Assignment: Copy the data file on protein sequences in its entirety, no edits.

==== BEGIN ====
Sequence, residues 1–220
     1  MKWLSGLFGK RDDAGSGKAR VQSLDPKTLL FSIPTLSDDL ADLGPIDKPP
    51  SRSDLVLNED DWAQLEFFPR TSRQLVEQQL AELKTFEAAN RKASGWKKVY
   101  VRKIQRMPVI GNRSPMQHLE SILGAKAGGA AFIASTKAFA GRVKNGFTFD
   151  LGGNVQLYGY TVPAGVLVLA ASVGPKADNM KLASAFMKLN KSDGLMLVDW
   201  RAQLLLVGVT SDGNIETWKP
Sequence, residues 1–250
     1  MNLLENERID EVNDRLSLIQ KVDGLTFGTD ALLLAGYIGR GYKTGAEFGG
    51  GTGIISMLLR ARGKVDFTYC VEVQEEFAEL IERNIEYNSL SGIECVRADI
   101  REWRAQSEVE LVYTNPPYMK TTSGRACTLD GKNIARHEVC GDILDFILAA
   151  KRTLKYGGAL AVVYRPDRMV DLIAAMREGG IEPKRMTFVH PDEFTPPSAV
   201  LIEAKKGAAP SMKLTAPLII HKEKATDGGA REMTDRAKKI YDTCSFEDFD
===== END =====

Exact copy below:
Sequence, residues 1–220
     1  MKWLSGLFGK RDDAGSGKAR VQSLDPKTLL FSIPTLSDDL ADLGPIDKPP
    51  SRSDLVLNED DWAQLEFFPR TSRQLVEQQL AELKTFEAAN RKASGWKKVY
   101  VRKIQRMPVI GNRSPMQHLE SILGAKAGGA AFIASTKAFA GRVKNGFTFD
   151  LGGNVQLYGY TVPAGVLVLA ASVGPKADNM KLASAFMKLN KSDGLMLVDW
   201  RAQLLLVGVT SDGNIETWKP
Sequence, residues 1–250
     1  MNLLENERID EVNDRLSLIQ KVDGLTFGTD ALLLAGYIGR GYKTGAEFGG
    51  GTGIISMLLR ARGKVDFTYC VEVQEEFAEL IERNIEYNSL SGIECVRADI
   101  REWRAQSEVE LVYTNPPYMK TTSGRACTLD GKNIARHEVC GDILDFILAA
   151  KRTLKYGGAL AVVYRPDRMV DLIAAMREGG IEPKRMTFVH PDEFTPPSAV
   201  LIEAKKGAAP SMKLTAPLII HKEKATDGGA REMTDRAKKI YDTCSFEDFD